**Implications**

Fáry's theorem, that every graph that can be drawn without crossings in the plane using curved edges can also be drawn without crossings using straight line segment edges, follows as a simple corollary of the circle packing theorem: by placing vertices at the centers of the circles and drawing straight edges between them, a straight-line planar embedding is obtained.

A variation of the circle packing theorem asserts that any polyhedral graph and its dual graph can be represented by two circle packings, such that the two tangent circles representing a primal graph edge and the two tangent circles representing the dual of the same edge always have their tangencies at right angles to each other at the same point of the plane. A packing of this type can be used to construct a convex polyhedron that represents the given graph and that has a midsphere, a sphere tangent to all of the edges of the polyhedron. Conversely, if a polyhedron has a midsphere, then the circles formed by the intersections of the sphere with the polyhedron faces and the circles formed by the horizons on the sphere as viewed from each polyhedron vertex form a dual packing of this type.

Read more about this topic: Circle Packing Theorem

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### Famous quotes containing the word implications:

“When it had long since outgrown his purely medical *implications* and become a world movement which penetrated into every field of science and every domain of the intellect: literature, the history of art, religion and prehistory; mythology, folklore, pedagogy, and what not.”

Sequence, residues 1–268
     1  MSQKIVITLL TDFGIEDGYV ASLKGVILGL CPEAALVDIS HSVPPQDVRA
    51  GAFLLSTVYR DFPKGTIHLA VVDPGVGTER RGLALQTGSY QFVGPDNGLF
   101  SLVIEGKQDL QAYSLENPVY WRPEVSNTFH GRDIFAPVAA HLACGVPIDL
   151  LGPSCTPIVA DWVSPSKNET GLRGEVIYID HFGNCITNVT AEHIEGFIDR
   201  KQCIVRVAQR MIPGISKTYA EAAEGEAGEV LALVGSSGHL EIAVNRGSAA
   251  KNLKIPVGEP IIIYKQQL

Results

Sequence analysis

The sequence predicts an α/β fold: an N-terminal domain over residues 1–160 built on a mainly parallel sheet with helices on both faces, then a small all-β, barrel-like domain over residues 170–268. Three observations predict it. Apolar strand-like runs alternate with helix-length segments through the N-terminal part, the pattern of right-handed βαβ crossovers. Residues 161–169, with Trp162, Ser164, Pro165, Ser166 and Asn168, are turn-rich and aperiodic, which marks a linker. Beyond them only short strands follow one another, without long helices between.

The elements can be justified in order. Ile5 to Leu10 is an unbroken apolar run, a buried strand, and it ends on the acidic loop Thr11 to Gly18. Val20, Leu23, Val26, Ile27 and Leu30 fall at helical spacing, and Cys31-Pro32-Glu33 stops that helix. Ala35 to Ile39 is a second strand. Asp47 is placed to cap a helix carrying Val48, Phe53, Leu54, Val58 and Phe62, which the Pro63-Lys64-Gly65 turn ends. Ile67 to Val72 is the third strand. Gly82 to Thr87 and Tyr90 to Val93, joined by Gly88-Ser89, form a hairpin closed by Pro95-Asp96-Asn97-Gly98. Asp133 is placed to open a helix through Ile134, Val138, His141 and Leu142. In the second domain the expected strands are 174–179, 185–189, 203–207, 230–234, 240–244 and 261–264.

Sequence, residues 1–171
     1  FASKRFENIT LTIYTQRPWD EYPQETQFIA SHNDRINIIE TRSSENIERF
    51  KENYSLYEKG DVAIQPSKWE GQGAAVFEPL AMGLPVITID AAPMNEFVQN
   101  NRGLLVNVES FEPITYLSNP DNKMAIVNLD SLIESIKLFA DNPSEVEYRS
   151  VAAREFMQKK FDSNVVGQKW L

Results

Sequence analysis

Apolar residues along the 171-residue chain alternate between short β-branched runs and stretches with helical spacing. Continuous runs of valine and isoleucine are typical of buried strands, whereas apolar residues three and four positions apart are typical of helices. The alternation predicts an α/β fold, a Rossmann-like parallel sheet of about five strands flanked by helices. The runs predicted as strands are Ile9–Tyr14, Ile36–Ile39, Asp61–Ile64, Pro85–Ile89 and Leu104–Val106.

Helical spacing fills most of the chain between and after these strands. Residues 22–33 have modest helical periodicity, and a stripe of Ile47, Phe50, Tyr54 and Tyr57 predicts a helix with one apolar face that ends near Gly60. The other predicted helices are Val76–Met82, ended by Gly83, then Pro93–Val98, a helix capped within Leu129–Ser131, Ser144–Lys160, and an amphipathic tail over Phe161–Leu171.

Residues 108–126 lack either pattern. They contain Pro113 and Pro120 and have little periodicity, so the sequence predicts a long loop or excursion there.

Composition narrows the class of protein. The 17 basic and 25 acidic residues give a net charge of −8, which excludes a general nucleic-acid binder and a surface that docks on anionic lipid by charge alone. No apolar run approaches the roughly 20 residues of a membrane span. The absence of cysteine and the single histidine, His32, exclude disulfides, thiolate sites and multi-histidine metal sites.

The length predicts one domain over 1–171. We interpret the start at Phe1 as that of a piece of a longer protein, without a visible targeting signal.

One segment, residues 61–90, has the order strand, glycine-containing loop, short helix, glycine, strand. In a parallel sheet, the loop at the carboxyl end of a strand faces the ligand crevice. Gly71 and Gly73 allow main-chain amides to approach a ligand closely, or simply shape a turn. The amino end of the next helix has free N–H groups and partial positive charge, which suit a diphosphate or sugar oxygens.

—Thomas Mann (1875–1955)

“Philosophical questions are not by their nature insoluble. They are, indeed, radically different from scientific questions, because they concern the *implications* and other interrelations of ideas, not the order of physical events; their answers are interpretations instead of factual reports, and their function is to increase not our knowledge of nature, but our understanding of what we know.”

—Susanne K. Langer (1895–1985)

“The power to guess the unseen from the seen, to trace the *implications* of things, to judge the whole piece by the pattern, the condition of feeling life in general so completely that you are well on your way to knowing any particular corner of it—this cluster of gifts may almost be said to constitute experience.”

—Henry James (1843–1916)